Vitaliy Panych has made some bold moves over his lifetime: immigrating from Ukraine as a young child, earning his black belt in Brazilian Jiu Jitsu, taking up the mantle of protecting the largest collection of digital information assets in the country. Most recently, he accepted the 2022 Thomas M. Jarrett State Cybersecurity Leadership Award, which acknowledges his accomplishments in the cybersecurity field. The next week, he appeared on former Chief of OTech and Launch Government Sector Lead Davood Ghods’s government tech leadership podcast, Davood for Thought.
The full podcast episode is available HERE, but we’ve got some exclusive bonus content from behind the scenes.
Something you may not know about Panych is that he started developing his cybersecurity career as a teenage entrepreneur, after a website he built on his hosting farm was compromised. He became “hyper-obsessed” (his word) with investigating why and how the hack happened, and how he could mitigate future risks. What drove his interest in public service?
“It goes back to being mission-driven,” Panych says. “The government serves a broad population in all kinds of ways. Supporting the community at large makes government and society more effective, resilient, and safe and secure.”
The State of California is well known as a public-sector leader in cybersecurity and resilience. When asked what steps he’d recommend to other states looking to transform their security services, Panych has a ready-made roadmap:
1. Focus on the fundamentals first. Build in stronger access controls, authorization, and multi-factor authentication into every user base/access point.
2. Know where your critical assets are. Knowing where your data is allows you to enforce proper protocols and controls. Continuously and regularly patch software and hardware.
3. Make sure critical systems are resilient from an availability aspect. Minimize disruption of services and test your resiliency plan. Always have a backup plan.
4. Use a collaborative approach. Make sure State departments are collaborating with emergency services, National Guard, and military departments. This is important not just for government, but also for the provider community. Vendors/providers should be a part of task force initiatives so they can contribute to transparent planning and services.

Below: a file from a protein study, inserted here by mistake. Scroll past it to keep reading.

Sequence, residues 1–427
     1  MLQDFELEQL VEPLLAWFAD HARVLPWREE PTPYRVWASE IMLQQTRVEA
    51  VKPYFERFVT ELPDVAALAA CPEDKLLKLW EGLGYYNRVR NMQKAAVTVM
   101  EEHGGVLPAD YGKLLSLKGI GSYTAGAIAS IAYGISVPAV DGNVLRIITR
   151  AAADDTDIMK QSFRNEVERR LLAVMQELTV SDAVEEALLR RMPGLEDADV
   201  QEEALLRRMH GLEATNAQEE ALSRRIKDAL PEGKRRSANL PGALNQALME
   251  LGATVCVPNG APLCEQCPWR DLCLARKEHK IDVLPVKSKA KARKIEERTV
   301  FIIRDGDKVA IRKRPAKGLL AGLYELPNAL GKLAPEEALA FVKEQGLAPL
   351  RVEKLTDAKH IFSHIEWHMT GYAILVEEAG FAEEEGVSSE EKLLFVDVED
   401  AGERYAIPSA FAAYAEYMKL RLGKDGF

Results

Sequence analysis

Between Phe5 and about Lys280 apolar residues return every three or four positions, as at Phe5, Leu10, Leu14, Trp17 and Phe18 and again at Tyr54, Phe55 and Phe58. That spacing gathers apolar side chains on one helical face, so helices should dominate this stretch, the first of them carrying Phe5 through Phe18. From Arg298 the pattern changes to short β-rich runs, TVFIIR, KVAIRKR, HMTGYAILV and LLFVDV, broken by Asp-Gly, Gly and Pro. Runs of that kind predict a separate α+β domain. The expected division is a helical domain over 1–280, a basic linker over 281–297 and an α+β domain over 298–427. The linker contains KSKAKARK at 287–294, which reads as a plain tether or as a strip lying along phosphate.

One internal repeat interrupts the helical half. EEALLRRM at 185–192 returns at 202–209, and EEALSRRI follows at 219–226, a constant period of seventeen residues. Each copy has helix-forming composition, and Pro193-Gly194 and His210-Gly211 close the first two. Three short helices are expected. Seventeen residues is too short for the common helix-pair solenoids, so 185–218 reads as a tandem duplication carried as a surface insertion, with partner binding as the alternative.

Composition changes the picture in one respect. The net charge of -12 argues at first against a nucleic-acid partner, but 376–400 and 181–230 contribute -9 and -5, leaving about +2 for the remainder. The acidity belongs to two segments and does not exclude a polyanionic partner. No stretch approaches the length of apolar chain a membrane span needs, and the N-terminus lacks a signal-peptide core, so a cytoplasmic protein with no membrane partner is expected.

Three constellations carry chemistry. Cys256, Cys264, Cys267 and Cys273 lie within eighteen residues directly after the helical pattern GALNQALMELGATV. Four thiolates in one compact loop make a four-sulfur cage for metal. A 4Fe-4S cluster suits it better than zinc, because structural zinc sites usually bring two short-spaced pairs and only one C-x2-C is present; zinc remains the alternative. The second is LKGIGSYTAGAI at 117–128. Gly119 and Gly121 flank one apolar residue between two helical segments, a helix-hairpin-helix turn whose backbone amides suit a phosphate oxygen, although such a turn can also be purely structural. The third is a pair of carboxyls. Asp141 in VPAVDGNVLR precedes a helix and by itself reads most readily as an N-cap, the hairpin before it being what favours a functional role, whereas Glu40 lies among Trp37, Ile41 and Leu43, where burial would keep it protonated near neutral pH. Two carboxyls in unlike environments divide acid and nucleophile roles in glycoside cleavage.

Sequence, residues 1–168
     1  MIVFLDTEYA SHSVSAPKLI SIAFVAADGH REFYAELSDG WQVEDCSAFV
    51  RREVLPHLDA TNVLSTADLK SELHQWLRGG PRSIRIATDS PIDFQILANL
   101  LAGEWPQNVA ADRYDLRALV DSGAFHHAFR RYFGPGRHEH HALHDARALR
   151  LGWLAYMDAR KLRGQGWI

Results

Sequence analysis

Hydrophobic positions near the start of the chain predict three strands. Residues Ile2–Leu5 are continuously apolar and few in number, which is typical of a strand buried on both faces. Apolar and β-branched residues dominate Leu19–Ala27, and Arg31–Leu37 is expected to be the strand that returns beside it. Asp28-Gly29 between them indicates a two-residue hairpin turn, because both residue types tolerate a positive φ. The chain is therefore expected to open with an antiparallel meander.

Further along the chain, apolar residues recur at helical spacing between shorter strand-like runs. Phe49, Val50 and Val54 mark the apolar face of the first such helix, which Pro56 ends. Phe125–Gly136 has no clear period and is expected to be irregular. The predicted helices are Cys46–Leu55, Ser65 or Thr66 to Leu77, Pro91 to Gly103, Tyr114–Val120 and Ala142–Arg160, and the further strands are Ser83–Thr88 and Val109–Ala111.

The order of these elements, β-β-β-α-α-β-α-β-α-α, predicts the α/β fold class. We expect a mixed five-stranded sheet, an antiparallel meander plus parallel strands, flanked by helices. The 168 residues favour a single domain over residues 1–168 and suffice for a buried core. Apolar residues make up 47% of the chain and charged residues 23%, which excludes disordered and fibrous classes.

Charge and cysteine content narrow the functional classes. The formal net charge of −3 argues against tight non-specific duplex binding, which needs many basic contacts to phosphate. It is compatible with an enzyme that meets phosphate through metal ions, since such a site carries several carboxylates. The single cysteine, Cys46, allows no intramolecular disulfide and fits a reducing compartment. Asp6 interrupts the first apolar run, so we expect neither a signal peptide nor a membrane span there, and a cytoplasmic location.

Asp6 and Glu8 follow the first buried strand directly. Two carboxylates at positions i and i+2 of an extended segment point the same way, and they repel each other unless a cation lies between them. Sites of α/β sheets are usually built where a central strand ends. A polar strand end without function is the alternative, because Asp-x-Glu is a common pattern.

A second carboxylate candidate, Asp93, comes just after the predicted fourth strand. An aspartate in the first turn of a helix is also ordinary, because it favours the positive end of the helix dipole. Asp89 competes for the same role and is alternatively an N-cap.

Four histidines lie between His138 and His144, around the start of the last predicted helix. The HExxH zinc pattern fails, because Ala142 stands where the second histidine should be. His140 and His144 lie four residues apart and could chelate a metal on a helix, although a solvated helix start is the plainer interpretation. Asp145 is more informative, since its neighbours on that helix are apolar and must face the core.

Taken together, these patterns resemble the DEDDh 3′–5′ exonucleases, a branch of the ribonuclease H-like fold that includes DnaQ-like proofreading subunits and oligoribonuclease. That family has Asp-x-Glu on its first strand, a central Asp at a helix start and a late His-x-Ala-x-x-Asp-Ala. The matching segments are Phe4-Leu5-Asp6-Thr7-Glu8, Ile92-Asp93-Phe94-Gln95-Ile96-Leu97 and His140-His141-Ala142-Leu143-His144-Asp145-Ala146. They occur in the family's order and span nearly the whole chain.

Panych’s devotion to fundamentals of resilience is reflected in his practice of Brazilian Jiu Jitsu. Jiu Jitsu aligns with his work, he says, in the sense that people who practice are always learning, sharpening their tools, staying calm under pressure—and acutely aware of the environment and circumstances they’re in.
For Panych, that means being aware of trends and challenges in security, and a major concern he’s observed over the past few years is the talent gap. Currently, there are some 75,000 information security openings in California alone, and not enough people coming out of school to fill them. For people interested in pursuing a career in cybersecurity, he recommends getting involved in the security community. “Go out and participate in associations and conferences,” he suggests. “Get certified, attend forums, and find a place to start.”
He also has some unconventional advice for budding leaders: “Find a mentor—and find someone to be a mentor to.” Often, he points out, people learn by teaching others. While a mentor is an invaluable resource for a growing professional, a mentee gives that person a change to validate their understanding by imparting it to someone else—applying learning directly to changing circumstances.
In fact, that’s how Panych defines bold in his field. It’s about innovation through mission focus. “We need to continuously prioritize,” he says. “We want to leap forward in everything we do.”
Listen to Davood for Thought featuring Vitaliy Panych, CISO of the State of California HERE.